Trump's Budget Manager Says Feeding Hungry Kids Hasn't Been Proven To Help Their Performance
President Donald Trump's first budget blueprint was released on Wednesday, and although he spent his campaign promising to act in the best interest of Americans, the plan took aim at a number of social programs relied upon by millions of people in need. Trump's budget proposed major spending cuts to almost every single government agency, and also eliminated funding to some programs entirely — including The 21st Century Community Learning Centers Program, which supports before- and after-school programs, according to CNN. Why? In a news conference, Trump's budget manager said feeding hungry kids hasn't been proven to actually help them do better in school, so there's no need to keep providing money for it.
Office of Management and Budget Director Mick Mulvaney defended the Trump budget by arguing that the government wouldn't continue to fund "programs that cannot show that they actually deliver the promises that we've made to people." As a stand-alone statement, that might seem to make sense, but is it true that the school programs don't deliver?
Experts say there is actually plenty of evidence to show they're a good investment. Even if there weren't though, it still feels pretty shocking to hear Mulvaney try to claim that feeding hungry kids isn't a good use of federal dollars — especially since amidst the across-the-board cuts, the budget also calls for "a $2 billion down payment" on the creation of a border wall, according to The New York Times (because, of course it does).
According to the U.S. Department of Education, The 21st Century Community Learning Centers Program helps to fund "community learning centers that provide academic enrichment opportunities during non-school hours," and specifically targets students at "high-poverty and low-performing schools." In addition to offering literacy and other educational programs to students and their families, the centers give students a safe place to go before and after school (relieving parents' added burden for child care), and many programs funded by the 21st Century Community Learning Centers Program also provide snacks and meals to children.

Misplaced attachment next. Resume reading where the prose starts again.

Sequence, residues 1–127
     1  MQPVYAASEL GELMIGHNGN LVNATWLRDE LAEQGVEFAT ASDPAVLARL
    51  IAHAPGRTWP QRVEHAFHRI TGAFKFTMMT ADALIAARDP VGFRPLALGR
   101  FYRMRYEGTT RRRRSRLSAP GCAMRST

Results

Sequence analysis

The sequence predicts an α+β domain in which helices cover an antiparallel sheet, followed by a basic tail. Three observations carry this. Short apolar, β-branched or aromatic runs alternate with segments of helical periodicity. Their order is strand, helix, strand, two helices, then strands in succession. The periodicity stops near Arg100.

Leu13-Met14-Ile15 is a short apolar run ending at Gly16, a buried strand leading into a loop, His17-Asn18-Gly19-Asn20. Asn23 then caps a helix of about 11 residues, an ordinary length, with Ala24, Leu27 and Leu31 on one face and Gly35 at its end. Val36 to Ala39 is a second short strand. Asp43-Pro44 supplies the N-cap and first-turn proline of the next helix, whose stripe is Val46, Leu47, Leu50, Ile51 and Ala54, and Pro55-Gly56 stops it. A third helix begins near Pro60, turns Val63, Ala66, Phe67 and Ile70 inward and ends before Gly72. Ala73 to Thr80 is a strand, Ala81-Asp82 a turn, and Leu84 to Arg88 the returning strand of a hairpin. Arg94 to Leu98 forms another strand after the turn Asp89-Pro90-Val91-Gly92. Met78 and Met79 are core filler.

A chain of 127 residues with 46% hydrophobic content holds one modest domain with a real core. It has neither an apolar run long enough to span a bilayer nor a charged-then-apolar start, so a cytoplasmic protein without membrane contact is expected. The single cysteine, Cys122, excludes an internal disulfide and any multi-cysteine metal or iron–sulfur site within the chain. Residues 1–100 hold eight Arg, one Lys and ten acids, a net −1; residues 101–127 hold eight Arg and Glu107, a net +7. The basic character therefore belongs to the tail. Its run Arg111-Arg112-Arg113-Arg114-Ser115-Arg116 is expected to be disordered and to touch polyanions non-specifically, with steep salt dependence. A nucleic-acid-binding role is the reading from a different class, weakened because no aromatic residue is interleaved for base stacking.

When asked by reporters about the budget's slash of before- and after-school programs, Mulvaney said that they weren't actually achieving the goals they were designed to meet:
They're supposed to be educational programs, right? I mean, that's what they're supposed to do. They're supposed to help kids who don't get fed at home get fed so they do better in school. Guess what? There's no demonstrable evidence they're actually doing that. There's no demonstrable evidence they're actually helping results, helping kids do better in school.
Mulvaney's statement in itself is pretty confusing, because feeding kids isn't even the primary mandate of the 21st Century Community Learning Centers Program — academic enrichment is. But since he brought it up, let's look at that claim.
Although Mulvaney might think that feeding kids doesn't help them do better in school, it's not hard to find research to the contrary. A 2014 Centers for Disease Control report on health and academic achievement, for example, found that students' dietary behavior has a direct effect on school success, and that when students receive breakfast at school through the United States Department of Agriculture (USDA) School Breakfast Program, they see "increased academic grades and standardized test scores, reduced absenteeism, and improved cognitive performance." On the other hand, researchers have found that skipping breakfast (or not having access to breakfast in the first place) has been linked to "decreased cognitive performance (e.g., alertness, attention, memory, processing of complex visual display, problem solving) among students." And students who come to school hungry are also more likely to receive lower grades overall, be absent from school more often, are more likely to fail or repeat a grade, and have greater trouble focusing.